monitor the progress of events such as DNA replication or mitotic spindle-formation.
Eventually, the cell decides about cyclin gene transcription in response to these signals (Arellano
and Moreno, 1997). Binding of the specific cyclin to the appropriate CDK induces
conformational changes and accessibility of the active center (Jeffrey et al., 1995). However,
CDK activation additionally requires the phosphorylation of a distinct threonine residue in the
active site T-loop by CDK-activating kinase (CAK, complex of CDK 7 with cyclin H) (Lolli et
al., 2004) and the dephosphorylation of a tyrosine and threonine residue in the N-terminal region,
which is mediated by Cdc25 (cell division cycle 25) dual-specificity phosphatases (Morgan, 1995;
Nilsson and Hoffmann, 2000).
Cdc25A is required for progression from G to S phase and activates CDK2 in complex with 1
cyclin E and cyclin A (Figure 1) (Saha et al., 1997). Cdc25B is primarily activated during S phase
and is responsible for CDK1/cyclin B dephosphorylation (Nilsson and Hoffmann, 2000). Recent
studies identified Cdc25A and Cdc25C as additional regulators of CDK1 during G phase, and 2
thus, confirmed a crucial role for these phosphatases in G /M transition (Timofeev et al., 2009). 2
216Upon DNA damage a specific phosphorylation of Cdc25C on serine is mediated by CHK1 and
CHK2 (checkpoint kinase 1 and 2), whereby a binding site for the negative cell cycle regulator
14-3-3- σ is disclosed (Sanchez et al., 1997; Matsuoka et al., 1998; Yang et al., 2003). Association
of 14-3-3- σ with Cdc25C thus inhibits its dephosphorylation activity and impedes M phase entry
(Sanchez et al., 1997). Moreover, hyperphosphorylation of Cdc25A and Cdc25C provokes
ubiquitinylation and subsequent proteolysis of the Cdc25 phosphatases (Taylor and Stark, 2001;
Timofeev et al., 2009).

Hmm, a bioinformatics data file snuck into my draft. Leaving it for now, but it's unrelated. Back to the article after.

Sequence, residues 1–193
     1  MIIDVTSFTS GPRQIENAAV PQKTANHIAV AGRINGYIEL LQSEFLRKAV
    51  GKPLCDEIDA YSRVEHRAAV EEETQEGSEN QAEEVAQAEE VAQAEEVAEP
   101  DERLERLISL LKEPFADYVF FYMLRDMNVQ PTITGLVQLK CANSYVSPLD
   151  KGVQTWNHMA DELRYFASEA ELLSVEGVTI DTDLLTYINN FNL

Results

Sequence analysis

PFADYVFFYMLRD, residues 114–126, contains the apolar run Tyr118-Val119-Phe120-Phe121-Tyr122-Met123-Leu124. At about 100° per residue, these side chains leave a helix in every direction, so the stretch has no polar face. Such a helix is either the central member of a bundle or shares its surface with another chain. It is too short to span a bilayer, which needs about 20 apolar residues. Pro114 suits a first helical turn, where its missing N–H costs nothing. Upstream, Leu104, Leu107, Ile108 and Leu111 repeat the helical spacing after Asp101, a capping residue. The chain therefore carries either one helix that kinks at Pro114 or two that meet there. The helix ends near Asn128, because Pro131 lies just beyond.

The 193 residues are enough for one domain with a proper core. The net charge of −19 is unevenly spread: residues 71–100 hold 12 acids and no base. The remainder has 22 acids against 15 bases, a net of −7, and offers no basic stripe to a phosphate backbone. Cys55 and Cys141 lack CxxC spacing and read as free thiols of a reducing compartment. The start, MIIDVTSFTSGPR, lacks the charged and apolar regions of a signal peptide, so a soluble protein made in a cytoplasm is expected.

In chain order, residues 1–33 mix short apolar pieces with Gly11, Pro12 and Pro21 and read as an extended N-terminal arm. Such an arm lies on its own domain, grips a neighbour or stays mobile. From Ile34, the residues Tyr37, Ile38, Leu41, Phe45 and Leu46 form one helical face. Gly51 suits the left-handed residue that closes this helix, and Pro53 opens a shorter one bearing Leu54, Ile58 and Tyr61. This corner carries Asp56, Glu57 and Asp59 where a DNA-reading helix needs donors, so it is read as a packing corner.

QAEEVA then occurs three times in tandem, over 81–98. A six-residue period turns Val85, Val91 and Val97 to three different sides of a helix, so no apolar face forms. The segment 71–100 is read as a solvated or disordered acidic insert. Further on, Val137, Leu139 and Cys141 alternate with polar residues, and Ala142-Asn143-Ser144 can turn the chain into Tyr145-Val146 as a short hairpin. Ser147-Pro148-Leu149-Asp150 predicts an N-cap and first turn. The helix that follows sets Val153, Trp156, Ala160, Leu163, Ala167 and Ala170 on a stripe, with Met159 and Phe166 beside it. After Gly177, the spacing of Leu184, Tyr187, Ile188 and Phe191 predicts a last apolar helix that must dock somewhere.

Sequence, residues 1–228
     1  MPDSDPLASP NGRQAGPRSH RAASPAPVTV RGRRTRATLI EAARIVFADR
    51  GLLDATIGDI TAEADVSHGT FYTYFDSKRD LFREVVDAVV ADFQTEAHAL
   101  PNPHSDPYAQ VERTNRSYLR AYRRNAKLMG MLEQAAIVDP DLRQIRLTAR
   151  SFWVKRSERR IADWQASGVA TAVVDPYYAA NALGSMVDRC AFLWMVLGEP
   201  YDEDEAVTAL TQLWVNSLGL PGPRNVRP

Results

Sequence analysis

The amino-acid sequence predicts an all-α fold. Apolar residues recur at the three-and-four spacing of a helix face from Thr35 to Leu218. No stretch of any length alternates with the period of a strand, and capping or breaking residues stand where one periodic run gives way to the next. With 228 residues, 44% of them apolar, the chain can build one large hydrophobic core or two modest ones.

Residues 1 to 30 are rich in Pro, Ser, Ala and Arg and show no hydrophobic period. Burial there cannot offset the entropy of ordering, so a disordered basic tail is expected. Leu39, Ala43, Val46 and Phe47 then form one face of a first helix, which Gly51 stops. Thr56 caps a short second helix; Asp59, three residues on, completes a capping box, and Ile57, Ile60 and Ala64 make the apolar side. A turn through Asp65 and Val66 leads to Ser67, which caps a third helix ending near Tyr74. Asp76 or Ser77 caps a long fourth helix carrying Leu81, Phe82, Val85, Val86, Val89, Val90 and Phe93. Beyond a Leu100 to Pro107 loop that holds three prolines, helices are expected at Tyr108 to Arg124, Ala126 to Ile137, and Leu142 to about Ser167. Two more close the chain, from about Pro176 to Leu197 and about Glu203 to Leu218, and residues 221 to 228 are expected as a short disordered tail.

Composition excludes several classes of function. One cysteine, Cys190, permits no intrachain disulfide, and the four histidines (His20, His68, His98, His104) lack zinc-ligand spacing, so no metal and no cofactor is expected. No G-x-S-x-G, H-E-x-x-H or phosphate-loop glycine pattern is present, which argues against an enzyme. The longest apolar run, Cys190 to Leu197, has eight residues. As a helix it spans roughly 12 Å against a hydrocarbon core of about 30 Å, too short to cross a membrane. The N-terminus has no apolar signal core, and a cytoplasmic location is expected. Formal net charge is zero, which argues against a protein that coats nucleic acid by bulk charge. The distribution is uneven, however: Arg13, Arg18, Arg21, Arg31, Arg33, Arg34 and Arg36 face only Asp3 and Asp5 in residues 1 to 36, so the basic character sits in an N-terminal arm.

1
Introduction

G0CDK3
cyclinC
Cdc25C INK4a
CDK6G1M cyclinD3
Cdc25B
CDK4
CDK1 cyclinD1/2
cyclinBCdc25A
G /SG /M 12
checkpointcheckpoint Cdc25A
CDK2
cyclinEG2
CIP/KIP
CDK1 S
cyclinA
CIP/KIP
CDK2
cyclinA
Cdc25A
Cdc25A

Figure 1: A schematic overview of essential steps in cell cycle regulation
Control of normal cell proliferation involves a multifaceted interplay of an enormous regulation-machinery. After
mitosis (M phase), the cells can leave the cell cycle in G phase for terminal differentiation or a transient cell cycle 0
arrest and later re-entry in G , which is then controlled by CDK3/cyclin C (Ren and Rollins, 2004). Triggered for 1
further cell divisions, the cells enter G phase, grow and synthesize proteins essential for subsequent DNA-1
replication. Crucial effectors required for cell cycle progression are cyclin-dependent kinases (CDKs) in complex
with their regulatory subunit, the cyclins. The group of D cyclins is predominantly expressed during G phase and 1
decides about the early cell cycle regulation. At the G /S checkpoint, cellular signaling determines, whether the cell 1
complies with all requirements for later DNA synthesis (during S phase). Formation of the CDK2/cyclin E complex
and activity of the phosphatase CdC25A allow transition into S phase and cyclin A is expressed to bind CDK2.
Before mitosis, another restriction point (G /M checkpoint) controls that all preparations for a successful cell 2
division are completed and binding of cyclin B to CDK1 with a simultaneous activation of the appropriate CdC25
phosphatase eventually facilitates mitosis. In addition, environmental alterations as well as endogenous stimuli can
interfere with the cell cycle regulation, mediated by CDK-inhibitors (CIP/KIP family and INK4a family). Enhanced
expression of a CDK-inhibitor and binding to the cyclin-CDK-complex abolishes further cell cycle progression.
Underlying references are marked in the text. (Cdc25: cell division cycle 25, CDK: cyclin-dependent kinase, CIP:
CDK-interacting protein, KIP: kinase inhibitor protein, INK4a: polypeptide inhibitors of CDK4 and CDK6)


CDK-activation is complemented by specific CDK-inhibitor proteins that underlie stimulation by
both, factors sensing intrinsic defects (e.g. damaged DNA or insufficient replication) and those
activated by extrinsic alterations (Figure 2). Binding of distinctive inhibitory proteins to cyclin-
CDK-complexes prevents CDK-activation and triggers a cell cycle arrest. CDK-inhibitors can be
Cip1,Sdi1,Waf1distinguished into two families: proteins of the CIP/KIP family (including p21 , p27,
p57), which inhibit CDK2, CDK4 and CDK6 (He et al., 2005), and INK4a/ARF family
members (including p16, P19), which abrogate the activity of CDK4 and CDK6 (Figure 1)
(Villacanas et al., 2002).
2